Born 1933 in Los Angeles, California
The New York-based artist came to Omaha in 1981 as part of the I-80 series and her installation "Correspondences" explored the interactions of an ancient Mayan culture and its Spanish colonizers through arrangements of photographs, palms, and dried plants as well as passages from a conquistador's diary and a Mayan shamanistic medical book read by Stuart on an accompanying stereo sound track. Of her project, Stuart explained, "History was lived to be depicted and experienced at a distance in time and space. The artifacts of history can take many forms, physical objects, two-dimensional images, written and printed records and oral tradition. The process of selection and organization sets the records and evidence into a new context. By drawing on a variety of primary sources, the participant can perceive patterns or correspondences within time and locate relationships among forms of history experienced." The UNO print is only indirectly related to the installation. The grid, occurring often in modernist compositions, also refers to the time passages marked by calendars and the artist's work as a topographical drafter for the Los Angeles Army Corps of Engineers in 1952. Gary Day printed the lithograph, which also has a dye transfer photograph and collage elements, with the assistance of April Katz and Thomas Majeski during two phases --June 12-16, 1981 and January 11-15, 1982. The Joslyn Art Museum owns one impression from the edition, which has a July 8, 1983 cancellation date.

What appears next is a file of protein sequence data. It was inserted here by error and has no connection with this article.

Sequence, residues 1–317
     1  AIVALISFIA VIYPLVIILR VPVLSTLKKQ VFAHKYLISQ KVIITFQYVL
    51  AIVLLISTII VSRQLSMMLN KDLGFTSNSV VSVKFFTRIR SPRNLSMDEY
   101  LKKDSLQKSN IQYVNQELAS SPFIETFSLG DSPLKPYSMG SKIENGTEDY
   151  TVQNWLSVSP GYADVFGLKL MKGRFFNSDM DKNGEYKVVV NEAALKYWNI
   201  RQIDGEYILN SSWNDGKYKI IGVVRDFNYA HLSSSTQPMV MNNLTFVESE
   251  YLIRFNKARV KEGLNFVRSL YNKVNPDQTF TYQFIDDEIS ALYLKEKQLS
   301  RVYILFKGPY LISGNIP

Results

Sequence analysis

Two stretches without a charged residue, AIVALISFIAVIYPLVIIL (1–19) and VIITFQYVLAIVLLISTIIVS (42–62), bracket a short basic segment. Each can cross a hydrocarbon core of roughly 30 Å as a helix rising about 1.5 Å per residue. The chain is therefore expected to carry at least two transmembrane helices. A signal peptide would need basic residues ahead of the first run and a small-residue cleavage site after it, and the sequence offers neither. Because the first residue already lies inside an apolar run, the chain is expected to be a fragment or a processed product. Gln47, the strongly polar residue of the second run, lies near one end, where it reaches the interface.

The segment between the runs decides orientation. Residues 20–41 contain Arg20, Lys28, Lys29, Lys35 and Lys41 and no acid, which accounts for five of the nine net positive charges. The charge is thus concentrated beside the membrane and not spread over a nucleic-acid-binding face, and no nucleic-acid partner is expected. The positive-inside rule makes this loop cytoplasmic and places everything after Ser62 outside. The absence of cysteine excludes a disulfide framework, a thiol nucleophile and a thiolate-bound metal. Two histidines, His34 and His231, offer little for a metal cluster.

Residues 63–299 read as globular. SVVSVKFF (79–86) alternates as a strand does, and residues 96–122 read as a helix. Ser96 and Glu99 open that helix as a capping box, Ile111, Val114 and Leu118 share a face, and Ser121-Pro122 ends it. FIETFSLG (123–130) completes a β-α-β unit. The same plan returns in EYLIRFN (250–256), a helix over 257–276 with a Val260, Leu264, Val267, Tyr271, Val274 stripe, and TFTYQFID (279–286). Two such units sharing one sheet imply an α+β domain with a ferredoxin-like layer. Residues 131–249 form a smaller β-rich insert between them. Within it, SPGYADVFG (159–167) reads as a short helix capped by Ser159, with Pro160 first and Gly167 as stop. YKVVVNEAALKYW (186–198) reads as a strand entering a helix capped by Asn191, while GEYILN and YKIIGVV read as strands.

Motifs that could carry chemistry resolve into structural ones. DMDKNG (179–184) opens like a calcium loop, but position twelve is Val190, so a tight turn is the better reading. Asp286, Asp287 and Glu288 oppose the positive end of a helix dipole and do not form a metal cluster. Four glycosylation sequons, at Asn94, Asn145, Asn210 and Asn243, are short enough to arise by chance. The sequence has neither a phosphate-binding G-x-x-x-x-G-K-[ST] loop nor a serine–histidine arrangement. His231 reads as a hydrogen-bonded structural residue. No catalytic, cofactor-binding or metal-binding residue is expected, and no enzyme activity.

Correspondences: Time, Connecticut Fuchsia
1983; color lithograph, dye transfer photograph and collage on Rives BFK; sheet: 24 x 29 1/8 (60.96 x 73.66); edition of 36